• I conducted over 120 hours of interviews, figuring out ways to communicate through translators over Skype, Facebook, telephone, text messaging....
  • I spent three straight months working here:
(The clown nose on my monitor kept me company the whole time.)
Given these complications, why did I persist?
Each one of the nine—twoIsraeli Arabs and two Jews plus threewhite kids and two black kids in St. Louis—tell fascinating true stories about overcoming personal, physical, and political obstacles. Iking Bateman, for instance, faced off against gang members. ShaiBen Yosef faced being teased. In the process, all of them became professional-level performers with CircusHarmony (in action here) and the Galilee Circus (in action here).

Most of all, I kept on because of what these young people taught me:
  • “There’s a universal language between humans, and it’s not necessarily through speech.” (AlexGabliani)
  • “I learned how to rely on myself and believe in me.” (HalaAsadi)
  • “Arabs and Jewish people can be together. There’s nothing impossible.” (HlaAsadi)
  • “Circus is not about competition.” (Shai Ben Yosef)
  • “Without boxes, borders or boundaries, I built dreams.” (Iking Bateman) 

Click here for more information about circus and how Cynthia wrote this book.

Tuesday, July 14, 2015

Teacher Tuesday with The Library Dragon

Respecting Property: Grades 2-4

In this colorful book, Sunrise Elementary School needs a thick-skinned librarian to take care of the books in their school. Miss Lotta Scales is immediately hired upon responding to the school’s advertisement for someone who is “on fire with enthusiasm.” Who could be better for this job than a live dragon? Miss Lotta Scales takes her job very seriously, but upon hearing young Molly Brickmeyer reading aloud to other students, Miss Lotta Scales learns the value of sharing these precious books and transforms into Miss Lotty, the lovable librarian.

This book is a wonderful read aloud that will keep the entire class engaged. The book also includes a variety of lessons applicable to a typical school day for elementary school students. Try this activity with your class after reading The Library Dragon together (this activity works particularly well before a class trip to the library).
  •  Discuss with students why they think the Library Dragon was overly protective of the books. What may have caused her to become this way? What could she have done to make sure the books stayed safe?
  • Talk with students about book care and why it is necessary to follow rules created for the school library.
  •  Bring copies of books that have been mistreated to use as examples for what happens when one or a few people choose to not treat a school book with care.
  • Discuss the Library Dragon’s rules. Which rules were useful? Which were not?
  • Finish off by discussing all of the wonderful things the school librarian does to make the library great.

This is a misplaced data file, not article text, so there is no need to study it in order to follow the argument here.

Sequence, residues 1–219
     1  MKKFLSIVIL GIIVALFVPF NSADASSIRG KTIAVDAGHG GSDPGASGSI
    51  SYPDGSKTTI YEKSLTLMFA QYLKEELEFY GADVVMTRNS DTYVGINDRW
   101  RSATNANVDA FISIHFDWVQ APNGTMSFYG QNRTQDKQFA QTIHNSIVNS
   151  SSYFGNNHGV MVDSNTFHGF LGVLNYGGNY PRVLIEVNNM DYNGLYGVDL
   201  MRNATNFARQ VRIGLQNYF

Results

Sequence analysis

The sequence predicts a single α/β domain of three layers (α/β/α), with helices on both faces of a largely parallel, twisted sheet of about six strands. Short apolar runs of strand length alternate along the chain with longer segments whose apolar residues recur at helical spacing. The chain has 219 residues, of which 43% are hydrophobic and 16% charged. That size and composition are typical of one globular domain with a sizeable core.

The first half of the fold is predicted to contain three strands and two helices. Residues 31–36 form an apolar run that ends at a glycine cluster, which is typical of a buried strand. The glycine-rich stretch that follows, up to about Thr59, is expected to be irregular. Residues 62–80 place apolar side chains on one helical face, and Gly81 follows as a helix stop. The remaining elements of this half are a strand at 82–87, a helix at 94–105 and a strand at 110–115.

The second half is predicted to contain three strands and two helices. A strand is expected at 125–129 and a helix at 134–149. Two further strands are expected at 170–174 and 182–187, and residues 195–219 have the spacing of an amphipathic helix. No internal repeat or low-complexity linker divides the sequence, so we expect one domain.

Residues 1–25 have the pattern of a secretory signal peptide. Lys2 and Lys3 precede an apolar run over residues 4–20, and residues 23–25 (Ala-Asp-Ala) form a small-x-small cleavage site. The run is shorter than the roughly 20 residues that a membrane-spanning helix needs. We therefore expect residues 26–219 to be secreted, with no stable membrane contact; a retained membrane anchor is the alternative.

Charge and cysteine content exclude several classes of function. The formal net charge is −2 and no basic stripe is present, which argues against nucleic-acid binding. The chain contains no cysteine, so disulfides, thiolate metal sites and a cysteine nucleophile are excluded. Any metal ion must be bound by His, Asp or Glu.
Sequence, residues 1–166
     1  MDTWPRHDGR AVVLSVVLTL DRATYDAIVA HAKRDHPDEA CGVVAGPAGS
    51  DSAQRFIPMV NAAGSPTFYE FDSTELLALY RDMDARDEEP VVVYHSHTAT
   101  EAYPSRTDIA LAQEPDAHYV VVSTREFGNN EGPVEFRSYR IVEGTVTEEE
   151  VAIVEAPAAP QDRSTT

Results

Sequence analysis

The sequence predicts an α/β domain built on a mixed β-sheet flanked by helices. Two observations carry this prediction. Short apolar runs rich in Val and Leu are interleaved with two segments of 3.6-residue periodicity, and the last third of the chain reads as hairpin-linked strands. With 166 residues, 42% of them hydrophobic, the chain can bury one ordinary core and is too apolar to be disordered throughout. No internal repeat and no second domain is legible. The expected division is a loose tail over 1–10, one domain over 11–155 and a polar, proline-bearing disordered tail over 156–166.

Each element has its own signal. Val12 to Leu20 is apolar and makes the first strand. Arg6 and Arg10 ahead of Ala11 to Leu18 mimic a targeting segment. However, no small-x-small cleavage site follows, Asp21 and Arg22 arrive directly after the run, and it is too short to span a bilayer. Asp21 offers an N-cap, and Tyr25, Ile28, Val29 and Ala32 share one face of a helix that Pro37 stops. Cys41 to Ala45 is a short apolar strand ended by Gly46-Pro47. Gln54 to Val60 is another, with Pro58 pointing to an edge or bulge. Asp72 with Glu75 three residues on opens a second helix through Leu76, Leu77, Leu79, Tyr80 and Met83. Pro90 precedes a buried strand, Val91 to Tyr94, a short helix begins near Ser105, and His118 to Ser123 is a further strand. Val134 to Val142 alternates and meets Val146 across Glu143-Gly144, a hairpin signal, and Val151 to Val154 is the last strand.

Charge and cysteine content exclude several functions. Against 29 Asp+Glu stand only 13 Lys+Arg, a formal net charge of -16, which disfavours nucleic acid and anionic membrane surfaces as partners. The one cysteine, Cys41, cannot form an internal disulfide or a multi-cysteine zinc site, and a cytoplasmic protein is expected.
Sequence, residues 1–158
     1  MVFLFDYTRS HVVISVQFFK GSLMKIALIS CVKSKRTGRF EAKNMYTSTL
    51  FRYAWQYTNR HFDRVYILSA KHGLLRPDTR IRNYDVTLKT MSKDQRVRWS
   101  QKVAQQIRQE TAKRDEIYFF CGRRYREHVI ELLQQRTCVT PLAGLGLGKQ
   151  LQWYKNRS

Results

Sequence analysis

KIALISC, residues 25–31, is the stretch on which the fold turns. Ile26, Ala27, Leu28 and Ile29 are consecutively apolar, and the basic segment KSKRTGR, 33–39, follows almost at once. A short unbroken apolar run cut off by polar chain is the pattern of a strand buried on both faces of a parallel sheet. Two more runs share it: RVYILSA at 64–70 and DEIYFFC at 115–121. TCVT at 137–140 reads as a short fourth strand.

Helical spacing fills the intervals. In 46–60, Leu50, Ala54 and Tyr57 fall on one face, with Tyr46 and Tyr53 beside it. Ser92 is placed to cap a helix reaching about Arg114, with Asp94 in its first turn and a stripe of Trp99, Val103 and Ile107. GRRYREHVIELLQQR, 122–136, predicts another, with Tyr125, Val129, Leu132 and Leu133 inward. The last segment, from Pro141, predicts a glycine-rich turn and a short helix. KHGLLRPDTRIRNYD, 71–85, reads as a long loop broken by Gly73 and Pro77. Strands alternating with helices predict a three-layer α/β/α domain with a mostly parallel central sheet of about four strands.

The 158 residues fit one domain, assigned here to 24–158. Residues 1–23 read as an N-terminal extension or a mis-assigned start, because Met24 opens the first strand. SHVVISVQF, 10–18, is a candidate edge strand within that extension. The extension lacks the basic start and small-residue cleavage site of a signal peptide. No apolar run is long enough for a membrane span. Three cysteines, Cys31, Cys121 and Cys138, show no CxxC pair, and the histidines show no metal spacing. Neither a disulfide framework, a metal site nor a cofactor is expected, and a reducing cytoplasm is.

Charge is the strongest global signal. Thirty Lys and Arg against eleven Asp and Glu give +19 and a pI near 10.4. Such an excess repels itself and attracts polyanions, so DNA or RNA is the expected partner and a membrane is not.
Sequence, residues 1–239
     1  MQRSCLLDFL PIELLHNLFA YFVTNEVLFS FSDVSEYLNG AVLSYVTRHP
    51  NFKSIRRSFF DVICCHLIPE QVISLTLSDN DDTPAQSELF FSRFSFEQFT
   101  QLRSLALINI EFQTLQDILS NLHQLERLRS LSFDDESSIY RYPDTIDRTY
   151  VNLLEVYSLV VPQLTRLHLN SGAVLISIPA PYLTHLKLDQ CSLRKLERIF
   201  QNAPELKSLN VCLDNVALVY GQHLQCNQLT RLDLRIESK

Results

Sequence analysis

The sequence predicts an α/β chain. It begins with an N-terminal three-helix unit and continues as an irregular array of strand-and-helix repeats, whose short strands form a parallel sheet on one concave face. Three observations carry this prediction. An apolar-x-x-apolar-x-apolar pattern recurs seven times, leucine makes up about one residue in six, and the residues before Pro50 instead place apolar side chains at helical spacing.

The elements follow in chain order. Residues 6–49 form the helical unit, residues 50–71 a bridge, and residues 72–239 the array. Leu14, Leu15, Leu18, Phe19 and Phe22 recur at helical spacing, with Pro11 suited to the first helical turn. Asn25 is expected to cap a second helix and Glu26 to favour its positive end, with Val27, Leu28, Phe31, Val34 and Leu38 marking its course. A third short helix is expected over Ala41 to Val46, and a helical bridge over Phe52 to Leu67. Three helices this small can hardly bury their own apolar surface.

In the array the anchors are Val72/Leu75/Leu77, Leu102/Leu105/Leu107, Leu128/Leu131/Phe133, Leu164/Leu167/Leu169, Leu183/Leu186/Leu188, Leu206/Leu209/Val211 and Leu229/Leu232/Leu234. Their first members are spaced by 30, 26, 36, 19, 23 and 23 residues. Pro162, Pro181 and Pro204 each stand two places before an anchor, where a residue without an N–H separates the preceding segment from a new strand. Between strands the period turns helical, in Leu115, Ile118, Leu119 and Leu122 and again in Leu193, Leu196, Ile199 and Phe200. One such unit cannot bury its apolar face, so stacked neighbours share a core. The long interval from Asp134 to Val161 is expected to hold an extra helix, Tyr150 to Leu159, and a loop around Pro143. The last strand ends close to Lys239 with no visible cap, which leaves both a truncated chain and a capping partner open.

• Take your class to the library and enjoy!

You can find a complete summary of The Library Dragon here, and for the full teacher’s guide, click here.  

Saturday, July 11, 2015

Saturday Afternoon Picnic with Alice Ratterree

I am thrilled to be a part the Saturday Afternoon Picnic blog series by Peachtree Publishers. Since Atlanta is close to home, I have been able to take a break from my studio and drop by and visit. Every time I have been greeted with warm smiles. Usually we gather around a large table framed by a wall of windows that let in that famous Georgia sun. In addition to talking about the manuscript, it has been wonderful to hear all their amazing stories and easy laughter that is shared in our circle. In the afternoon when I depart, I drive home with the feeling my day was spent in the company of a family of friends.

When I think back about picnics, my grandfather’s farm is the first thing that I remember. Each summer on the Fourth of July, our family and friends would gather at the top of his hill underneath a large tree. Stretching out before me was only the sloping landscape, with a rocky path that led into a small patch of woods. He had a secret pond that I believed to be a magical door to another world. Standing on that hill looking out at the glorious horizon, I felt small and brave at the same time. I believed in a bigger world out there, and felt compelled to unearth its surprises.

Lilliput inspired me because it is a story about those kinds of horizons, and the transformation that happens within us when we are taken outside of what we know. Author Sam Gayton captivated me right away by harnessing that sense of wonder in Lily’s discovery of a larger world. As an illustrator, it was fun to play with physical scale and action for an adventure story about a small person in a big world. I admire Lily’s bravery and how she harnesses the courage to face her enemies, trust a friend and ultimately forgive her captor. Sam created such fantastically distinct characters throughout his book that I think my favorite part of the process was coming up with the appearance for each of them and “casting” the story with my first character sketches.